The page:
Self-Service is the Future And It’s Time To Embrace It

Exploding volumes and velocity of data, coupled with demands from internal customers, have put IT staffs under pressure. Meanwhile, budgets remain flat. Talend CTO Krishna Tammana tells IDN how offering self-service data access to end users can relieve the strain on IT, unlock productivity and spur innovation.

Tags: analytics, automation, catalogues, data, digitization, integration, prep, self-service, SQL, Talend,

Krishna Tammana, Talend
Krishna Tammana

"The transition and transformation to user self-sufficiency is just beginning its a journey."

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The pace of digitization is accelerating. The volume, velocity, and variety of data is exploding.


Customers, clients, partners, and programs are screaming for more data, faster. Central IT is under more pressure than ever, but our budgets are neutral, so we have to do more with less. At times, it can feel like we’re trapped in a perpetually spinning wheel with no destination.

But there is a way out:


The answer is the democratization of data through empowerment and advanced automation strategies. When secure, relevant data is readily available to all of our users, we can build a culture of data self-reliance, get more from our existing data resources, and promote innovation across an organization.  


These are the ingredients of a new recipe for agile and responsive self-serve analytics.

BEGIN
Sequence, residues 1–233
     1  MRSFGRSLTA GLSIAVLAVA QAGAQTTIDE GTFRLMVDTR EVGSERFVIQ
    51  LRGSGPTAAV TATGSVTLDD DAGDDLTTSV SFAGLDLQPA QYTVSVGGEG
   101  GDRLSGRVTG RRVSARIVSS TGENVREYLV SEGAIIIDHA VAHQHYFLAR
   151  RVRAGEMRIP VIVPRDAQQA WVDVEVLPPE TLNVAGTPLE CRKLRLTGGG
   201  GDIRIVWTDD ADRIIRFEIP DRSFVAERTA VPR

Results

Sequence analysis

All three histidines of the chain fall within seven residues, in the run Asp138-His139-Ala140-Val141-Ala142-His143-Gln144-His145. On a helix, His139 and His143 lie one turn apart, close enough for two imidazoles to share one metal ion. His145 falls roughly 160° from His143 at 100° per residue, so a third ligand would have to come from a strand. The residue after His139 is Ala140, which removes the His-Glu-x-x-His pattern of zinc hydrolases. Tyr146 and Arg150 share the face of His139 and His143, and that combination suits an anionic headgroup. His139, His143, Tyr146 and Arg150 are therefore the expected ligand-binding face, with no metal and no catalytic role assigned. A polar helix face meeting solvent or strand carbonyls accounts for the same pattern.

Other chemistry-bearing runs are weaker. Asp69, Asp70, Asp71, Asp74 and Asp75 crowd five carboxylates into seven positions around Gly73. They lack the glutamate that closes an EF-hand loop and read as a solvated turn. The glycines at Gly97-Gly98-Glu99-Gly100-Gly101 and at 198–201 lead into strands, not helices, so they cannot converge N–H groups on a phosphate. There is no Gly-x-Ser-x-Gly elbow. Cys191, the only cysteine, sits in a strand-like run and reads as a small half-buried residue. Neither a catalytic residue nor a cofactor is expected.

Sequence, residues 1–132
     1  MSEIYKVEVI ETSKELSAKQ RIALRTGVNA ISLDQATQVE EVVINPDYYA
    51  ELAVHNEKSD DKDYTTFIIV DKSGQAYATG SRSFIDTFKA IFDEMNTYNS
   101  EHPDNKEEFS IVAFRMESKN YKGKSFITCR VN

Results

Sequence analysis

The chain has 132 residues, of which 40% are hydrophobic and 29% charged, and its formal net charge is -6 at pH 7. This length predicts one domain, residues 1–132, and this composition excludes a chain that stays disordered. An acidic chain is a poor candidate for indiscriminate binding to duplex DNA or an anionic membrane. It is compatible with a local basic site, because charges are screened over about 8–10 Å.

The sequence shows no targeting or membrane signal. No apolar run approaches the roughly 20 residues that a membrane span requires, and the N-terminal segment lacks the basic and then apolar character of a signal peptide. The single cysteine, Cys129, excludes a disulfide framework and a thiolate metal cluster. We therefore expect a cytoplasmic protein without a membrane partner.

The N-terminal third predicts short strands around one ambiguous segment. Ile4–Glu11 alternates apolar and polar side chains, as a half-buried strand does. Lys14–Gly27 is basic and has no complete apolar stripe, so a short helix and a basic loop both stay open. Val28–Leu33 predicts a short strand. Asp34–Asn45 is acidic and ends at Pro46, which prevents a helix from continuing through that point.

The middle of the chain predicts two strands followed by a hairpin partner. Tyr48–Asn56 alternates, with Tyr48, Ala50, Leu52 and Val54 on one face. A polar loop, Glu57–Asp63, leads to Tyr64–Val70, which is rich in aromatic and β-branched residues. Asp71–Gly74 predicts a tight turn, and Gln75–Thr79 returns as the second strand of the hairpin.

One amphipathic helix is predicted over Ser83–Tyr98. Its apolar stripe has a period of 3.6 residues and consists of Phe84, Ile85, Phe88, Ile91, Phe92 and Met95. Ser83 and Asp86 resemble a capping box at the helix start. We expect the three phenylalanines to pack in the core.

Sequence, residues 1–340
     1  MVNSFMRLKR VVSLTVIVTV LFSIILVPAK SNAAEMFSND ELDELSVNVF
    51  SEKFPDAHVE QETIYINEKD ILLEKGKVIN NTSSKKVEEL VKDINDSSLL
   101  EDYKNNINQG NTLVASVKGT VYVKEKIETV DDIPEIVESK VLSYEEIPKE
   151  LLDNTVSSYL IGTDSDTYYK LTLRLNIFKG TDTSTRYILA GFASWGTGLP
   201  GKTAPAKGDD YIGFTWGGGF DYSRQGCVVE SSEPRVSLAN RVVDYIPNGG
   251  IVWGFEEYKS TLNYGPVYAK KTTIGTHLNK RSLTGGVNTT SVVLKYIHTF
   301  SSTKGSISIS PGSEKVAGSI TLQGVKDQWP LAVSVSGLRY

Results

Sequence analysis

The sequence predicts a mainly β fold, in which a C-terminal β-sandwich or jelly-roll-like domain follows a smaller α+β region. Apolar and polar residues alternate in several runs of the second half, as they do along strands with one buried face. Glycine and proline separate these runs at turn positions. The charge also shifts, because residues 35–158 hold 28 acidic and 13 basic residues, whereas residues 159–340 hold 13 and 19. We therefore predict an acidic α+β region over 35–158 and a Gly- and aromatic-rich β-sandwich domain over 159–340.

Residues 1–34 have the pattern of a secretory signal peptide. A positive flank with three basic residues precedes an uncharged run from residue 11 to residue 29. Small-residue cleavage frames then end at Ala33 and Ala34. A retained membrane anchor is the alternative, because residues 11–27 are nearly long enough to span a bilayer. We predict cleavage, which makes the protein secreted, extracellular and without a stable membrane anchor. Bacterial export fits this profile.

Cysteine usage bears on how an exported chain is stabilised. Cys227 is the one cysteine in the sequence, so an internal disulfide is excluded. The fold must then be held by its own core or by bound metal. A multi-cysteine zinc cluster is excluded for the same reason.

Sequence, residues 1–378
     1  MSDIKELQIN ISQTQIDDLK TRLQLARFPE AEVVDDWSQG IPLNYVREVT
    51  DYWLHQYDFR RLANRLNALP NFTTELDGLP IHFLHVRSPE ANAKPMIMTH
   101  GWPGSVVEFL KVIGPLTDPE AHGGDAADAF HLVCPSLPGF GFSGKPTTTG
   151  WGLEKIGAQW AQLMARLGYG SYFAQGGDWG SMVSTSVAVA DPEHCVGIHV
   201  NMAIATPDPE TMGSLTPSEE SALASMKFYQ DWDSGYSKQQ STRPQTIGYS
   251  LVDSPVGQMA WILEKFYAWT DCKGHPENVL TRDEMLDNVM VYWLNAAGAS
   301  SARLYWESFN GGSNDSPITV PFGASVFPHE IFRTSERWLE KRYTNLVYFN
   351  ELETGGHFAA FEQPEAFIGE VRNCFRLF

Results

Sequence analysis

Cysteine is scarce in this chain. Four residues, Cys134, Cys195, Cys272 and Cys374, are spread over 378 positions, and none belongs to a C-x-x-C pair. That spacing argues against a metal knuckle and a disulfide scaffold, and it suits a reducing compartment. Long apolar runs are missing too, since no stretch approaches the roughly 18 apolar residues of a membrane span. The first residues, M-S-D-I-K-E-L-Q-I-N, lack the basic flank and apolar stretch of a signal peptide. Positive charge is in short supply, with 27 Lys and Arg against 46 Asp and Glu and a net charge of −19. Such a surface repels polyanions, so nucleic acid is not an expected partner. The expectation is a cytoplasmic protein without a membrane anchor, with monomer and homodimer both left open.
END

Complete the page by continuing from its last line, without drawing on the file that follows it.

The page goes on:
The Future of Self-Serve Data Analytics is Now

A business user needs to have confidence in the data they are using. Implementation of solutions that automatically assess the health, relevance, and usefulness of the data and point out any problems, provide an easy way to remedy any trust issues.


Data preparation is a vital step that will ensure your data is accurate, of the required quality, and useful for specific situations including machine learning. For example, if a non-business user is combining data from two different sources and they are different formats, errors and analysis problems can arise.


Automated, intelligent self-serve analytics solutions recognize and fix issues, so the organization’s data is useful for everyone involved in the environment.


Today’s modern data lakes and complementary technologies for data integration and governance are also working to set users up for self-service success. They help empower business users to easily gain access and analyze data in a cloud data warehouse from either an on prem or a SaaS application. This is where a number of non-tech user focused data ingestion tools come in. Then, your next step is to get out of the way.

Let’s explore possibilities…

Nimble and Safe Empowerment and Data Literacy

CIOs are responsible for satisfying the data demands of every department across the organization. Their customers don't want them to be a bottleneck just as much as CIOs don't want to be the bottleneck; they're just trying to solve problems.